Building with hempcrete – uses
So what exactly can you can use hempcrete for?
In new-build, hempcrete is most commonly used to make walls, but can also be used to form floor slabs, ceilings, and roof insulation.
In contrast to conventional insulation materials (which tend to be installed in a cavity within the wall, or added to wall as an extra layer in the build-up) hempcrete in walls forms the wall and the insulation in one piece, with the only other materials being the structural frame (usually untreated softwood). Wet finishes – a lime or clay plaster internally and lime render externally – are the only other additions to the basic hempcrete wall, although cladding (timber, stone, brick etc.) can be used in place of wet finishes if desired.
Hempcrete floors and roofs
In floors and roofs hempcrete is used in combination with other materials to provide an insulating layer, which can form all, or part, of the insulation layer depending on the building design.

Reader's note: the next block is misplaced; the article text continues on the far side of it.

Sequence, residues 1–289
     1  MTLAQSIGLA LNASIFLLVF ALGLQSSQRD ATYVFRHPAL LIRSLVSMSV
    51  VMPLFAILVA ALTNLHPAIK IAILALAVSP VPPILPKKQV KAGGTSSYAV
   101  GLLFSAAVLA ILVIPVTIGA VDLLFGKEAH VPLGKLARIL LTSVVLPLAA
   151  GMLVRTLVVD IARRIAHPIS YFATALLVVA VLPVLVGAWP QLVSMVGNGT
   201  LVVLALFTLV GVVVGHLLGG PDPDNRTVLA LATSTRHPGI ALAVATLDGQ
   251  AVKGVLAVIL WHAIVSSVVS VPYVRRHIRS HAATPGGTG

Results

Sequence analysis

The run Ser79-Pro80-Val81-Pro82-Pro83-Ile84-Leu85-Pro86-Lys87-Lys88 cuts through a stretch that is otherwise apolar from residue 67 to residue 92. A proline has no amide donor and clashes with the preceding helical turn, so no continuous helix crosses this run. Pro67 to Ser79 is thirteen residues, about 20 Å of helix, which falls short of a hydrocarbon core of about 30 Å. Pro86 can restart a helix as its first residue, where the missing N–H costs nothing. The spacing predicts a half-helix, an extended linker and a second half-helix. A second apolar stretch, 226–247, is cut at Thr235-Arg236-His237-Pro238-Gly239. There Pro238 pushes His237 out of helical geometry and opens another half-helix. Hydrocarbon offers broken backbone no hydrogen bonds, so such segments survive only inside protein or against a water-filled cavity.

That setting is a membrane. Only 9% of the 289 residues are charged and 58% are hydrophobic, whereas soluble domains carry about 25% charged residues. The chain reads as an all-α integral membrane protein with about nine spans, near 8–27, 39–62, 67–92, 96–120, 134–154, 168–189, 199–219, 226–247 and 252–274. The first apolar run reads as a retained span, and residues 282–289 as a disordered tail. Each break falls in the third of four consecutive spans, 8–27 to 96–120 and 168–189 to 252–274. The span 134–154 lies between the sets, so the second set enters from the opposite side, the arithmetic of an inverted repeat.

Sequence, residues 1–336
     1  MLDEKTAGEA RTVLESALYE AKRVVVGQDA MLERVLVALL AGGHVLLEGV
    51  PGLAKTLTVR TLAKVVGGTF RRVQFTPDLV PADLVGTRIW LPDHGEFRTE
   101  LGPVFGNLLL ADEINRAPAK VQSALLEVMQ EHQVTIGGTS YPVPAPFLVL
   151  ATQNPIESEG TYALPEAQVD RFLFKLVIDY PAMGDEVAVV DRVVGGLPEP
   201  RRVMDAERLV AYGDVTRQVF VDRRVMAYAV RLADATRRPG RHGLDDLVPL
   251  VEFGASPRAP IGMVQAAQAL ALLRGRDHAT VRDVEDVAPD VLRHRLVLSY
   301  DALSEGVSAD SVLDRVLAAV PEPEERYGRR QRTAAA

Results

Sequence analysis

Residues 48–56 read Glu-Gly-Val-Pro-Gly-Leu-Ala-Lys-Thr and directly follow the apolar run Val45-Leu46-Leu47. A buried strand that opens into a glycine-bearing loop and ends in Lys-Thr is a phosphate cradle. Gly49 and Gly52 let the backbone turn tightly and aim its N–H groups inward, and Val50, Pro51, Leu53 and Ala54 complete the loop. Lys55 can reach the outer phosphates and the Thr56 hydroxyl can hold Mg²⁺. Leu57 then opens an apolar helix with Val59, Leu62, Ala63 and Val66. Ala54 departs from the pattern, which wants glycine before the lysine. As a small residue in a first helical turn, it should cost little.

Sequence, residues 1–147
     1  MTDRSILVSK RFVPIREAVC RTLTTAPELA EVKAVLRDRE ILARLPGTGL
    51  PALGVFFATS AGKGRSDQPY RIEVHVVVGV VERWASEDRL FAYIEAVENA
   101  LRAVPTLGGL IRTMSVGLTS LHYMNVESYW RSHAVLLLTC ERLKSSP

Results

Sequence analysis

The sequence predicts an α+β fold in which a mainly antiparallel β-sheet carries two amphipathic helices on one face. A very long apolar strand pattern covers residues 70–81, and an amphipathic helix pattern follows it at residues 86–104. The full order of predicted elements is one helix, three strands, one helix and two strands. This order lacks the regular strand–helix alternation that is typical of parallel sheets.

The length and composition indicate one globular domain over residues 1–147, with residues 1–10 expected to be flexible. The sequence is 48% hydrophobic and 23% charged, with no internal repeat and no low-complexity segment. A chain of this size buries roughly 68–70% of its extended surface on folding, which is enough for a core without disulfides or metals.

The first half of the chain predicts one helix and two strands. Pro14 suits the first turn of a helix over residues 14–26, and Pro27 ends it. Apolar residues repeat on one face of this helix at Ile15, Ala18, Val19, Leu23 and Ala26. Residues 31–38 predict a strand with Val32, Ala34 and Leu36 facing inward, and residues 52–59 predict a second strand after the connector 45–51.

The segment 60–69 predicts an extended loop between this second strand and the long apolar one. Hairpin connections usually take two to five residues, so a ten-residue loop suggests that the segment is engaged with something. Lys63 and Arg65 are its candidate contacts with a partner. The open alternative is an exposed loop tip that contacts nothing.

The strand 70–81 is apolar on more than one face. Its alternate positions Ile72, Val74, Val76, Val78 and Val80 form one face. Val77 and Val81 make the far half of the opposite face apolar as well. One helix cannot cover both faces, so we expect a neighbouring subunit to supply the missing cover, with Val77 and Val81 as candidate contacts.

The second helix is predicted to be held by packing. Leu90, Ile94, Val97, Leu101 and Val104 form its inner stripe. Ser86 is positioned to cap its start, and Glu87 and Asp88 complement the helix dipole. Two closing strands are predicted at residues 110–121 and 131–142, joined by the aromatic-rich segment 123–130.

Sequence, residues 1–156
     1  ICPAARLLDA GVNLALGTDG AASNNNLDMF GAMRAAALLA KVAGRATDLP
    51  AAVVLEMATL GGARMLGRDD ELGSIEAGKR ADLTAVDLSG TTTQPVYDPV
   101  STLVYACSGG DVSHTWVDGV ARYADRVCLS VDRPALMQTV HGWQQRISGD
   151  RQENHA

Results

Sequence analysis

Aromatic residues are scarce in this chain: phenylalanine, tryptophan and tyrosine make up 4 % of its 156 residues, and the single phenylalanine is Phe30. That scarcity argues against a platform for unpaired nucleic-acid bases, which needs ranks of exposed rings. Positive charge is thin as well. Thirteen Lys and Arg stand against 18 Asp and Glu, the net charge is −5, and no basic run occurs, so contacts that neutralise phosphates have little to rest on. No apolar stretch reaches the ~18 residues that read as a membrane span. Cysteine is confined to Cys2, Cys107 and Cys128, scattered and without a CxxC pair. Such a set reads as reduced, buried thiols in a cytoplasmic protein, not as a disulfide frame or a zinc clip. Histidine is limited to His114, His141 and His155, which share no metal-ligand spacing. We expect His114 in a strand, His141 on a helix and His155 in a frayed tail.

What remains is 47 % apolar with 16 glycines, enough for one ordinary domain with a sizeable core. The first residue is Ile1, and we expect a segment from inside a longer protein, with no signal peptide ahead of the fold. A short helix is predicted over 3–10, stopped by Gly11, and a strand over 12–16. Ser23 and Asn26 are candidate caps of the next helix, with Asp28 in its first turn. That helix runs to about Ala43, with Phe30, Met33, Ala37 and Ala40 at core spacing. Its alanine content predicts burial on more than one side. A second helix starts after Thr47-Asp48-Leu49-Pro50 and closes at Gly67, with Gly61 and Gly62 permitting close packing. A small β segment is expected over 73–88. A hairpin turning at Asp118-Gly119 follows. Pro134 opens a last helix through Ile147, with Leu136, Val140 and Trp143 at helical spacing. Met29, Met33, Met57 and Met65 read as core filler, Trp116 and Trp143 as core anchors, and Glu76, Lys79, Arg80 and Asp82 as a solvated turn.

Hempcrete retrofit infill panels
In the restoration or retrofit of traditional and historic buildings hempcrete is often used to replace or repair infill panels in timber frame buildings, or to add insulation to solid walls in old buildings. It is ideal for use in traditional buildings because of its vapour-permeability and its ability (as a wet-mixed, loose-fill material which hardens once applied) to mould itself exactly to unevenly shaped walls in an old building, and support itself without sagging.
If you are interested in restoration, here are some examples where we have used hempcrete on a tudor hall house and retrofit to a listed building.